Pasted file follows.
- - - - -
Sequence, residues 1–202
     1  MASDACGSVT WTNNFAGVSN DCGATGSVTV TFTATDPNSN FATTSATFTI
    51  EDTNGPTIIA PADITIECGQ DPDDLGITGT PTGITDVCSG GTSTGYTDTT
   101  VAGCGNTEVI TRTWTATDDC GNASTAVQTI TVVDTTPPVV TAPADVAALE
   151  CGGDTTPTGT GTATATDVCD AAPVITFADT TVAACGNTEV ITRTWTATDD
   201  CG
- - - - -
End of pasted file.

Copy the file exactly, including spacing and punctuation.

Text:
Sequence, residues 1–202
     1  MASDACGSVT WTNNFAGVSN DCGATGSVTV TFTATDPNSN FATTSATFTI
    51  EDTNGPTIIA PADITIECGQ DPDDLGITGT PTGITDVCSG GTSTGYTDTT
   101  VAGCGNTEVI TRTWTATDDC GNASTAVQTI TVVDTTPPVV TAPADVAALE
   151  CGGDTTPTGT GTATATDVCD AAPVITFADT TVAACGNTEV ITRTWTATDD
   201  CG